Wills, Trusts & Estate Planning Blog

One of our community leaders recently told me that she is named personal representative of her father’s will but she did not know exactly what that entails.  As the generation of baby boomers gets older, their parents are inevitably and unfortunately getting closer to the end of their lives.  The issue and confusion of the logistics following one’s death can be quite unsettling on the surviving heirs.  This article is designed to provide an overview of the probate process in the State of North Carolina. Mom passed away. What’s next?
One of the most important aspects in any properly implemented estate plan is the avoidance of probate, or the estate administration process.  Probate is defined as the legal process wherein the estate of a decedent is administered.  Generally, the probate process involves the collection of a decedent’s assets, liquidating liabilities of the decedent, paying necessary taxes, and distributing property to heirs.  The personal representative is held to strict statutory and fiduciary guidelines to administer the estate in accordance with the will and the laws of North Carolina.
While I am no expert in regards to social media, I do have accounts with Facebook, LinkedIn, Twitter, etc.  The question is “What happens to these type accounts after I am deceased?”  News about these types of situations recently came to light when the Twitter account of Ryan Dunn, of Jackass fame, was hacked and the alleged hackers “Tweeted” two years after his death.  As you can imagine, his family was none too pleased.
Winston Churchill once said, “We make a living by what we get, but we make a life by what we give.” Charitable giving allows one the opportunity to support philanthropic organizations, assist in revitalizing communities, potentially receive income and estate tax savings, and bring others along to further propel the efforts of charitable organizations.  However, no matter how large or small the gift of an individual may be, there is one common denominator regarding charitable giving: All Gifts to Charity Make a Difference! Methods of Giving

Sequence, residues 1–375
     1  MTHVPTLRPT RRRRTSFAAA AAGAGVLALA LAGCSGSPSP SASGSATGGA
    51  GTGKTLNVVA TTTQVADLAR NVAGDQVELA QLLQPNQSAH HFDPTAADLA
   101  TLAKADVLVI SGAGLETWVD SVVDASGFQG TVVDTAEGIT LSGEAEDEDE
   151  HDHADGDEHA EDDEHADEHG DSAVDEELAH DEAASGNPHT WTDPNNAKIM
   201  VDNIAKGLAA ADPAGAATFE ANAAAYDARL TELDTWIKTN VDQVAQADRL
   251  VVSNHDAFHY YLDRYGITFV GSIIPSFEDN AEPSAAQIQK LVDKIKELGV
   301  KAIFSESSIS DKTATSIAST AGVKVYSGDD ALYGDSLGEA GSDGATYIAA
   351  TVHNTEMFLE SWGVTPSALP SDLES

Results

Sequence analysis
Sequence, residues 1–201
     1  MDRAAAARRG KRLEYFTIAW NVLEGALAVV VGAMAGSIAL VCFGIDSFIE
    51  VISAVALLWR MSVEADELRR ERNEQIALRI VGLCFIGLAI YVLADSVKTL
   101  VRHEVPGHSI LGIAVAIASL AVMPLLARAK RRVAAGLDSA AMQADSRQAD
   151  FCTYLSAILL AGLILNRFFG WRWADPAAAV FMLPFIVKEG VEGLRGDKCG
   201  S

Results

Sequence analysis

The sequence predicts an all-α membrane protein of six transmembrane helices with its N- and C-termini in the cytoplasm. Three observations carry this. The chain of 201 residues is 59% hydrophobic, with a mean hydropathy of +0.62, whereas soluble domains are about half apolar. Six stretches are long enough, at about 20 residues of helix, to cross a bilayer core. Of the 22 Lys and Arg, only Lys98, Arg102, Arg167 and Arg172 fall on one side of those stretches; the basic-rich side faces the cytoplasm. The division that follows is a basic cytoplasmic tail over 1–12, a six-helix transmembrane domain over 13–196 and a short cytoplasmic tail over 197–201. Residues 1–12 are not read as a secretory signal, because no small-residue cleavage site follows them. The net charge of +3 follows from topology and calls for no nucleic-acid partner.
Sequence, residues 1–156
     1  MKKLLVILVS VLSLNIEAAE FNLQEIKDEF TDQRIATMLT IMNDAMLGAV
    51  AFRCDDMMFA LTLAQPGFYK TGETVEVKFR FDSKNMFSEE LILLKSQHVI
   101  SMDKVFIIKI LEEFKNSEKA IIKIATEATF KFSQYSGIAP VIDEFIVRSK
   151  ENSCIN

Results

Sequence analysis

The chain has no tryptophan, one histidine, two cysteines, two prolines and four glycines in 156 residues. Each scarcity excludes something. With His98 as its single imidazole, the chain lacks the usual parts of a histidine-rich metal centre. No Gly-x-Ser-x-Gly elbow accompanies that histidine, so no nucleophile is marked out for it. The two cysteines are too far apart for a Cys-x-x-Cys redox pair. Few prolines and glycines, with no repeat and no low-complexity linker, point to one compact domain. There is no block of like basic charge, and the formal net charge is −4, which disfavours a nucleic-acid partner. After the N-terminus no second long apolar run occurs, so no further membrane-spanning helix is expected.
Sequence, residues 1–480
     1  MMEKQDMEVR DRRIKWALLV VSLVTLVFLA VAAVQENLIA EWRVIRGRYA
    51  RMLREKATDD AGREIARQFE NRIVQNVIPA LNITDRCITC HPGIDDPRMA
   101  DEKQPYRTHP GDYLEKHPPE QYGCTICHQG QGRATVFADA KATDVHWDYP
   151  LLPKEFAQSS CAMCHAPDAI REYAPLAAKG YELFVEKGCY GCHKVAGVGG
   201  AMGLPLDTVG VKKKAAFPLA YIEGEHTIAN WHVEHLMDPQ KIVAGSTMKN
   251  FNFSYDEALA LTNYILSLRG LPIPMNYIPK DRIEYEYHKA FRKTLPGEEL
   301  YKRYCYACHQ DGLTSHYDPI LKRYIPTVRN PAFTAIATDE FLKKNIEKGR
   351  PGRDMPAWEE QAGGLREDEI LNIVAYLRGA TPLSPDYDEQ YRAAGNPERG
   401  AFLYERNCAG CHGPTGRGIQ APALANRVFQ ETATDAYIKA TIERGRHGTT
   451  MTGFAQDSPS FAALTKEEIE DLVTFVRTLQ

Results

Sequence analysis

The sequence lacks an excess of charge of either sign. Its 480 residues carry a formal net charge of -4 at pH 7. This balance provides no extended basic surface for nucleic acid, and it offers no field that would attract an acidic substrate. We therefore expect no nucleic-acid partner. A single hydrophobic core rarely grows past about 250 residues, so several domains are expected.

A Personal Representative (PR) is the individual or entity who is appointed by the Clerk of Superior Court to administer a decedent’s estate and includes Executor, Executrix, Administrator, and Administratrix.  
In my previous blog, I cautioned about visiting the courthouse prior to hiring an attorney.  This is because there are simplified estate administration procedures available in order to avoid what I refer to as “full probate.” In this blog, I am going to briefly speak about two procedures available for surviving spouses rather than undertaking complete full estate administration.
“A man’s home is his castle” is a common saying that is even reflected in the Bill of Rights.   Another common saying is that there are but two certainties in life – death and taxes.  So what happens “tax-wise” when one decides to sell his castle?  Although there are many different tax consequences when selling a home, here’s a brief and broad overview of the tax ramifications when you sell your home.  IS IT YOUR PRINCIPAL RESIDENCE?